Heh, I left my Motherships in Utah for my next trip out.  Though with the snow we just got in VA, maybe I should have brought them home....

I remember looking at the Thugs in 07 or 08 (green graphics) but never skied them, so I don't have a good feel how they would compare. 
post #21 of 49
From what I can imagine the Mships are not a ski you should ski on while on the EC.

BTW, Josh, have you tried the lhasa's. These are really cool,  IMO. 
post #22 of 49
Thread Starter 
Quote:
Originally Posted by apeyros View Post

From what I can imagine the Mships are not a ski you should ski on while on the EC.

BTW, Josh, have you tried the lhasa's. These are really cool,  IMO. 

Heck I skied them on mid-Atlantic snow and had a blast!  I think they would make a great Vermont ski for the right skier/location.
post #23 of 49
I just wanted to say they prefer more open spaces. When it comes to the snow type they can handle they are the most versatile fat guys in the world. 
post #24 of 49
I still cant say enough about these ski's. I just got back from  5 days in Telluride and never wished I had anything else.
They are perfect in almost all conditions and floated my 250lbs effortlessly.
post #25 of 49
great review
post #26 of 49
Anyone have any direct comparisons of the Mo'ships with the Katana and Elan 1010?  On paper they look like fairly similar skis.
post #27 of 49
Thread Starter 
 My experience is with last year's Katana.  It's a similar ski, and I liked it a lot, but I was able to find its speed limit when skiing fast on hard snow.  I haven't come anywhere close to finding the Mothership's speed limit (it's obviously higher than mine).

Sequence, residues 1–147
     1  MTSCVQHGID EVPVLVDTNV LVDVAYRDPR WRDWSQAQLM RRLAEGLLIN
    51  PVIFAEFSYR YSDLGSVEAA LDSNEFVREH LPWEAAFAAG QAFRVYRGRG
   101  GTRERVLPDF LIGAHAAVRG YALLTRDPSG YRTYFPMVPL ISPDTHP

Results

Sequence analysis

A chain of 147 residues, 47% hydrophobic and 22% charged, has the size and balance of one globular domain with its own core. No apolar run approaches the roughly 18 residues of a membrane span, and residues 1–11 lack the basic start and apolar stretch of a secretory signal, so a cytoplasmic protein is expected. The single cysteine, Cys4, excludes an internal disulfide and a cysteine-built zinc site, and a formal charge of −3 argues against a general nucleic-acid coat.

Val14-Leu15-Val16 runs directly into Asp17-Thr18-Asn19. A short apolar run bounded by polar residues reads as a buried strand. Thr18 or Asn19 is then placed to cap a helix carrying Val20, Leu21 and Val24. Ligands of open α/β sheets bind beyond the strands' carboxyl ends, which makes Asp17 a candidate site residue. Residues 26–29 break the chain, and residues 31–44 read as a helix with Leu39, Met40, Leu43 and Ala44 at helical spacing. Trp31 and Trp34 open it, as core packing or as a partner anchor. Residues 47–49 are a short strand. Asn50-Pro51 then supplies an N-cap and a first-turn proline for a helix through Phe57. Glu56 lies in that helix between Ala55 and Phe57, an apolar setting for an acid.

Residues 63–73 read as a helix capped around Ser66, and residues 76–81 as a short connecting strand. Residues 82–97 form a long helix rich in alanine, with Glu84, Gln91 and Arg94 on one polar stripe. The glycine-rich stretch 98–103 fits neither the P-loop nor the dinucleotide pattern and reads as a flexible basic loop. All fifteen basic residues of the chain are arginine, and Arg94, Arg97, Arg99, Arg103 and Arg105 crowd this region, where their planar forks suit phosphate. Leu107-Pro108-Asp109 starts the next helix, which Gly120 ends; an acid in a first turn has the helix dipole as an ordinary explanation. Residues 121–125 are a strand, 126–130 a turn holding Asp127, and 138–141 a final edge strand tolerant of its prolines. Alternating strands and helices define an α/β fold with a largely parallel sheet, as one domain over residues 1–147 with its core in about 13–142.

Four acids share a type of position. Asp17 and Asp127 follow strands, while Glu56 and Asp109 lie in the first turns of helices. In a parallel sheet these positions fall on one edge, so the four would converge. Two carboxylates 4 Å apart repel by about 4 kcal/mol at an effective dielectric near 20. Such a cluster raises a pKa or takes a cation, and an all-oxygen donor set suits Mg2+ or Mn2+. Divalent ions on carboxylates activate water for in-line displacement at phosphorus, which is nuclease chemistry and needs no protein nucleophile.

I haven't skied the new 09/10 Katana, but I am thinking the changes that were made wouldn't have improved high speed stability on hard snow -- perhaps the opposite.  But those same changes have probably made it better in powder for sure.
post #28 of 49
After looking harder at what Line is doing I'm actually leaning toward the 2011 Line Prophet 115 now.  It's just a crazy triple sidecut ski (called their P-cut geometry like on the current Prophet series) with a ridiculously deep sidecut for a ski that's 115 underfoot (just how I like it - I spend my time on my edges, not my bases ).

Check out these specs:  153-115-142 (by my calculations it's something like a 19m radius, but they don't list it in the new catalog).  In the 186cm length that equates to a huge load area (1866) for float along with an early rise tip.

I really liked the Prophets that I rode at the SIA demos, but I didn't get on the Prophet 115 - I'm assuming that the ride would be similar.
post #29 of 49
Thread Starter 
 I am sorry to see the Mothership is not in Line's 2011 offering -- almost makes me want to buy a spare pair and put them in storage.  They must be thinking the Prophet 115 will fill that niche, but the construction looks identical to the 90/100 models, which are much lighter and less beefy skis than the Mothership.  When I skied the P100 a couple years back, I found it wasn't that great on hard snow, and was a bit of a handful in bumps.  One of the things I like about the Mothership is that it's surprisingly good on hard snow and groomers at high speed, and nimbler than expected in bumps.  Be interesting to see reports trickle in on the P115.
post #30 of 49
skier219,

When checking out the blog from NewSchooler's web site they had a video with Line's Pres and when going through next years line they showed the Mo Ship...  No changes except for a really nice clean looking top sheet...

Buckeye